(Bill Second Reading, Legislative Assembly, NSW Parliament)
The Protection of the Environment Operations Amendment (Illegal Waste Disposal) Bill 2013 aims to reduce the illegal dumping of waste and includes welcome increases in penalties for illegal waste disposal and new powers for the Environment Protection Authority. However, I am concerned that changes to how the waste levy is collected will undermine recycling and other alternatives to landfill. Currently drop-off centres and facilities that collect recycling and compost and treat waste are exempt from paying the waste levy—it is imposed only on waste that is deposited at landfill sites. Under the bill, the levy is extended to goods presented for recycling and is later refunded. The waste levy is the primary instrument used to encourage alternatives to landfill, making them competitive alternatives to sending rubbish to the tip.
The Department of Environment and Heritage website reports significant improvements in New South Wales recycling rates as a result of the waste levy. In fact, 63 per cent of total waste generated in 2010-11 was recycled, which was an increase from 45 per cent in 2002-03. We cannot let this trend slow down because we are generating significantly more waste. We are generating 17.1 million tonnes, which is an increase from 11.8 million tonnes over the same period. Creating additional landfill sites is not the solution. Landfill contaminates the natural environment and the further trucks have to travel to deliver waste the more expensive it is and the more pollution they create. Recycling is a vital factor in addressing this problem.
I understand that by charging recycling businesses a refundable levy the Government intends to address excessive stockpiling of waste intended for recycling at recovery centres and to prevent illegal disposal or fraudulent classification of waste as recycling. If some operators are avoiding the levy illegally then I share the Government's concern, and that must be addressed. However, while the levy will be reimbursed after material has been processed and returned to manufacture or to other productive use, recycling businesses will still incur significant and onerous administrative costs. Most existing contracts for recycling and waste processing are based on exemptions to the levy, and variations to these contracts would need to be negotiated. Extra costs would also be incurred for administrative compliance such as purchasing new equipment, increased working capital requirements to cover paying the levy and having it reimbursed, and through increased capital costs due to additional uncertainty that may be priced by banks. That uncertainty is a particular problem because the rebate system will be set out in the regulations, which can easily be changed by governments, and banks will take that into account.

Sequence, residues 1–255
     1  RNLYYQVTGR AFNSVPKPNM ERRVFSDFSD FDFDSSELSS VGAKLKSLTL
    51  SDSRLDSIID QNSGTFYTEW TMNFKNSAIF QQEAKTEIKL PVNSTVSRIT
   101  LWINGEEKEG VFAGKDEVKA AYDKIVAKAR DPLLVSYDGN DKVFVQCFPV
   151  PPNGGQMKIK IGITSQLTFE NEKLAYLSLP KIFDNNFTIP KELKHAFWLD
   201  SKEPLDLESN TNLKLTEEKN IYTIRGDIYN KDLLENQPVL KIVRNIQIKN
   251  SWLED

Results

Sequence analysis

New costs will add to the price of recycling, making it less viable in what is a very competitive and cost-sensitive sector. The change is not expected to increase the amount of recycling, but it will make it less competitive. There is a real and significant risk that more waste will be diverted to landfill sites. Costs to councils and ratepayers will also increase. Preliminary estimates from the City of Sydney indicate that prior to reimbursement it would need to cover about $4 million, and the commercial building sector within the Sydney local government area would need to cover about $13.5 million. As a result, the cost of recycled goods made in New South Wales will become less competitive with goods made from virgin materials. I do not believe this is the right way to address illegal waste disposal. The Government should instead target compliance by offenders through increased audits.
It is not clear whether the Government has done a regulatory impact statement that shows the expected increase in the cost of landfill alternatives and compared the proposal with alternatives such as audits. I would like the Minister to inform the House whether a regulatory impact statement has been prepared. If so, what were its conclusions? Councils are concerned that this proposal was not canvassed in the recent waste levy review, which meant that they had no opportunity to respond. I also understand that the Waste Contractors and Recyclers Association had no warning, nor did several large waste consultancy companies. Waste is a serious problem and the amount sent to landfill sites and illegally dumped must be cut significantly. Recycling and recovery are essential parts of the solution, and I am concerned that this bill will increase the costs of law-abiding recycling businesses and therefore make their vital operations less viable.